Bullit Hill School, Southbury, CT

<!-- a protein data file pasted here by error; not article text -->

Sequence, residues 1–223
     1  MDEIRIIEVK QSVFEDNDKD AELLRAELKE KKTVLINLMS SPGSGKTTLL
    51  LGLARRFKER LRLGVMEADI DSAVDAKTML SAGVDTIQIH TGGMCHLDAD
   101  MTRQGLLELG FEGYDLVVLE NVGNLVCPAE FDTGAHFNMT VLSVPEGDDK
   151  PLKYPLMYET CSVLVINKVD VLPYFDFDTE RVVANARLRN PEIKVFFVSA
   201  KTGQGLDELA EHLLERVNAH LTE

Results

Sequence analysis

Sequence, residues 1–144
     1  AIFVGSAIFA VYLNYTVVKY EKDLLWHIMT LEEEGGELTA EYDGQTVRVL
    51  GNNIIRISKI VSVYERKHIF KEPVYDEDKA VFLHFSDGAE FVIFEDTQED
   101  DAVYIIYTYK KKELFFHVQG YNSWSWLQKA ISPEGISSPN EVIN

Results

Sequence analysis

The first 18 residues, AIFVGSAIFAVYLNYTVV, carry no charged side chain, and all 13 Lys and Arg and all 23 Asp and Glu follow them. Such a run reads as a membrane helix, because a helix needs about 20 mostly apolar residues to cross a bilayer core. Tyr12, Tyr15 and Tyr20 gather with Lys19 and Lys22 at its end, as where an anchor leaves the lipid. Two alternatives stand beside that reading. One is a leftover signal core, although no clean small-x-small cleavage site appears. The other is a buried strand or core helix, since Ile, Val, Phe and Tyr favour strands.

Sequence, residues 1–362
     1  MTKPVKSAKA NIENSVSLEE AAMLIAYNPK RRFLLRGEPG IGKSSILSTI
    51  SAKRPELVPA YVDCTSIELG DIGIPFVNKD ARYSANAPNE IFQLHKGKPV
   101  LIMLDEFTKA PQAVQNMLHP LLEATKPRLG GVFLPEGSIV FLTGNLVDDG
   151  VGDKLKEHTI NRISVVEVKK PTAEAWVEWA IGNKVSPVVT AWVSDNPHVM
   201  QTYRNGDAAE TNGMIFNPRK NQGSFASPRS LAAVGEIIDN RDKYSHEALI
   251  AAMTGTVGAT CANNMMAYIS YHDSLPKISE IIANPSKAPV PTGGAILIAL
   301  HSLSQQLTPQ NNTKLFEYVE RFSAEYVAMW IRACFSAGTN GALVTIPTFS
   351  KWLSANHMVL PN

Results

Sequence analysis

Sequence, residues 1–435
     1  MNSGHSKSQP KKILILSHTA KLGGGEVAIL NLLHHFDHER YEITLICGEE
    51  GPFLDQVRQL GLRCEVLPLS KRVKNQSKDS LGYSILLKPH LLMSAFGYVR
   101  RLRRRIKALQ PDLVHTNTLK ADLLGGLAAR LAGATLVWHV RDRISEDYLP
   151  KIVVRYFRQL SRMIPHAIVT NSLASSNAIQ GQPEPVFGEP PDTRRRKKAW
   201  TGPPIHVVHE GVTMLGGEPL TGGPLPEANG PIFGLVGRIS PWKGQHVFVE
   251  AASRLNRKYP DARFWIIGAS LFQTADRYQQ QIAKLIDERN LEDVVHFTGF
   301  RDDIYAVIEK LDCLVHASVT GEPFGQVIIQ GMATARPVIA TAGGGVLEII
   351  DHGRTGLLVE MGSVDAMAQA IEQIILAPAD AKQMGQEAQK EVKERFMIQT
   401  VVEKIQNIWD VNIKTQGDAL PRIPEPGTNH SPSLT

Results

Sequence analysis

The recorded history of Southbury, CT, dates back to 1673. The first purchase from the Pootatuck Indians was dated April 26, 1673. According to research in Ancient Woodbury Town Records, Bullet Hill School, which was first called the Brick School and located on Main Street in Southbury, was built in 1762. The school was named from the fact that the clay for the school’s bricks came from nearby Bullet Hill. How the hill got that name is a little unclear. It was said that bullets were made there during the Revolutionary War and melted down in a fireplace at the school to be used again, and that women cast bullets for the army, or the Southbury Militia shot into the hill while drilling for firing practice during the War. Recent research conducted by Dorothy Manville of Southbury, seems to indicate that the first class was held in December, 1769. It is listed as the oldest public school building in continuous use in the United States as it was in continuous use for 179 years until December 1941 when the new Southbury consolidated school, now known as Gainfield School, was built. The building was saved in the 1960s and restored in the 1970s by the Friends of Bullet Hill School, which became the Southbury Historical Society in 1974. Bullet Hill School is listed on the National Register of Historic Places and is the oldest public building in the town of Southbury. In 1986, plans were made to utilize Bullet Hill School as a unique historical site for a Living Museum Program for students to learn about a local historical landmark and the educational experience of an earlier time period. It is now maintained by the town and the Historical Society and for over twenty years has hosted a living history program for the region’s third graders.